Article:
Bizarre. Ostentatious. Macabre. These may be just a few of the words that come to mind while exploring the maze-like halls and rooms of Spring Green, Wisconsin’s The House on the Rock Attraction. The brainchild of designer Alex Jordan, Jr., HOTR was originally opened to the public in 1959, although it would continue to be developed and expanded for decades to come.
The House itself is very reminiscent of something that famed architect Frank Lloyd Wright might have designed, making frequent use of exposed stonework, Asian themes, low ceilings, and angular construction. Jordan and his father were rather enamored of Wright’s work, in fact, although some rumors claim that the house was built to spite Wright after he rejected the elder Jordan’s aspirations to pursue architecture.
Japanese gardens and covered walkways offer periodic contrast to what is largely an indoor experience, and sweeping views of the surrounding countryside are possible at several points as well, most notably from the Infinity Room, an engineering wonder that extends high above the treetops for over 200 horizontal feet without underlying supports.
The rest of the complex centers around buildings designed to house Jordan’s extensive, eclectic collections – everything from dolls and doll houses to antique mechanical musical instruments. While many of these collections are impressive enough on their own, what makes HOTR truly unique is the way in which they are displayed or presented. Visitors won’t find sterile museum-style display cases in brightly-lit galleries; rooms are typically shadowy and lavishly decorated to accent what is being featured.
Streets of Yesterday offers a reconstruction of a fictional 19th century street, complete with storefronts (used to display various collections), street lamps, cobblestones, and more. The Heritage of the Sea features a massive multi-story model of sea creatures in battle, and The Carousel Room delights the senses with what has been billed as the world’s largest indoor carousel.
The Organ Room is a veritable wonderland filled with strange, steampunkish machinery, mannequins, stairs that spiral upward toward dazzling umbrellas of colored lights, and winding, twisting pathways and ramps that lead to and fro. While many of the items in the House’s collections are real antiques, many others are carefully-designed replicas or recreations designed to stir the imagination and enhance the perpetually fun, whimsical atmosphere.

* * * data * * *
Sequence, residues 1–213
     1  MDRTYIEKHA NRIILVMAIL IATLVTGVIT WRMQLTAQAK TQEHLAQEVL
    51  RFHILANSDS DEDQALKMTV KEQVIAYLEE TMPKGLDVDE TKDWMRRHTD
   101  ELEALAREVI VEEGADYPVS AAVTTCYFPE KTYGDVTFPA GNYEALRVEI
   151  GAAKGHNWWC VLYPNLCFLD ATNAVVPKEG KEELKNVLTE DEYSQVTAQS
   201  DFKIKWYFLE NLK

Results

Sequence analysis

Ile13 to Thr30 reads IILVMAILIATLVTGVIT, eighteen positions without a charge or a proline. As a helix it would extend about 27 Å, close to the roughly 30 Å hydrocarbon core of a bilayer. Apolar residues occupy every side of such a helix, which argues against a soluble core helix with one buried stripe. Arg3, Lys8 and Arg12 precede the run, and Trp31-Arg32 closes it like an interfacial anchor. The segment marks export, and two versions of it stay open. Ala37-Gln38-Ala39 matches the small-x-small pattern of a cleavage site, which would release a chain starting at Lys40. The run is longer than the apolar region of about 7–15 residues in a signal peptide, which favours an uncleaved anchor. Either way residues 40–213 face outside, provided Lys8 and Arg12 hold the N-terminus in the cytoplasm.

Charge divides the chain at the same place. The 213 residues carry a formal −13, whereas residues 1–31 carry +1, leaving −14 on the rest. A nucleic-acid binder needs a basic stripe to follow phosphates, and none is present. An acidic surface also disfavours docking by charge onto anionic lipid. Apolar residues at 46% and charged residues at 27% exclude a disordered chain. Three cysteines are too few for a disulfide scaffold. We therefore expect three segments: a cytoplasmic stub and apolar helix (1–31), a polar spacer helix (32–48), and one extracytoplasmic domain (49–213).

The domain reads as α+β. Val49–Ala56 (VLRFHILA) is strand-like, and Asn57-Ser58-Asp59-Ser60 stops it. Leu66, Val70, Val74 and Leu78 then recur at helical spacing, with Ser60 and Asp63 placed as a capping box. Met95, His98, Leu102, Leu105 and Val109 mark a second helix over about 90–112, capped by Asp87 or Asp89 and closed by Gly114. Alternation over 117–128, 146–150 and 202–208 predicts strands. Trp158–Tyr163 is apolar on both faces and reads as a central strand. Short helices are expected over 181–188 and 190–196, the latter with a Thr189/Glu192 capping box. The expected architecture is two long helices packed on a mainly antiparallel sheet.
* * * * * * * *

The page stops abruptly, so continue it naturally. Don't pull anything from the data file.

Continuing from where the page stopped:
I really had no expectations regarding HOTR when I stopped there on the way back from a business trip a month or so ago. The attraction had been recommended to me by several friends, and I knew that it featured a large indoor carousel as well as a number of unusual collections. Several different self-guided tour options were offered, allowing visitors to see as much (or as little) as they would like: I opted for the “Ultimate Experience,” which included all areas open to the public.
The layout of the attraction allows one to be brought into Mr. Jordan’s world rather gradually; the Visitor’s Center and Alex Jordan, Jr. Center offer glimpses of what is to come, but do not plunge visitors headfirst into completely unfamiliar terrain. The main residence is a fascinating piece of architecture, but it wasn’t until I had reached the Mill House that I found myself completely captivated by the place.
The vision and originality that pervades HOTR is undeniable. Love it or hate it, Mr. Jordan clearly knew what he wanted to achieve, and was unapologetic in doing so. I think there’s a very powerful creative or artistic lesson to be learned from that. Had he simply followed tradition and presented his collections simply as collections, rather than using them to create something far grander and more imaginative, I doubt Jordan’s work would have been nearly as effective as it is. Instead, he created something very personal, and the result is even more inspiring and energizing.
I like to think of HOTR as an experience, rather than a place, because it is so much more than its component objects and buildings. It evokes a reaction, and although it may not affect each visitor in the same way, I think that was Jordan’s overall goal.
I found my mind wandering back to it during the rest of my drive home and afterward, and my only regret is that I wasn’t able to spend more time learning about its creator when I visited the Alex Jordan, Jr. Center. Perhaps next time: I think The House on the Rock Attraction has definitely earned a return trip.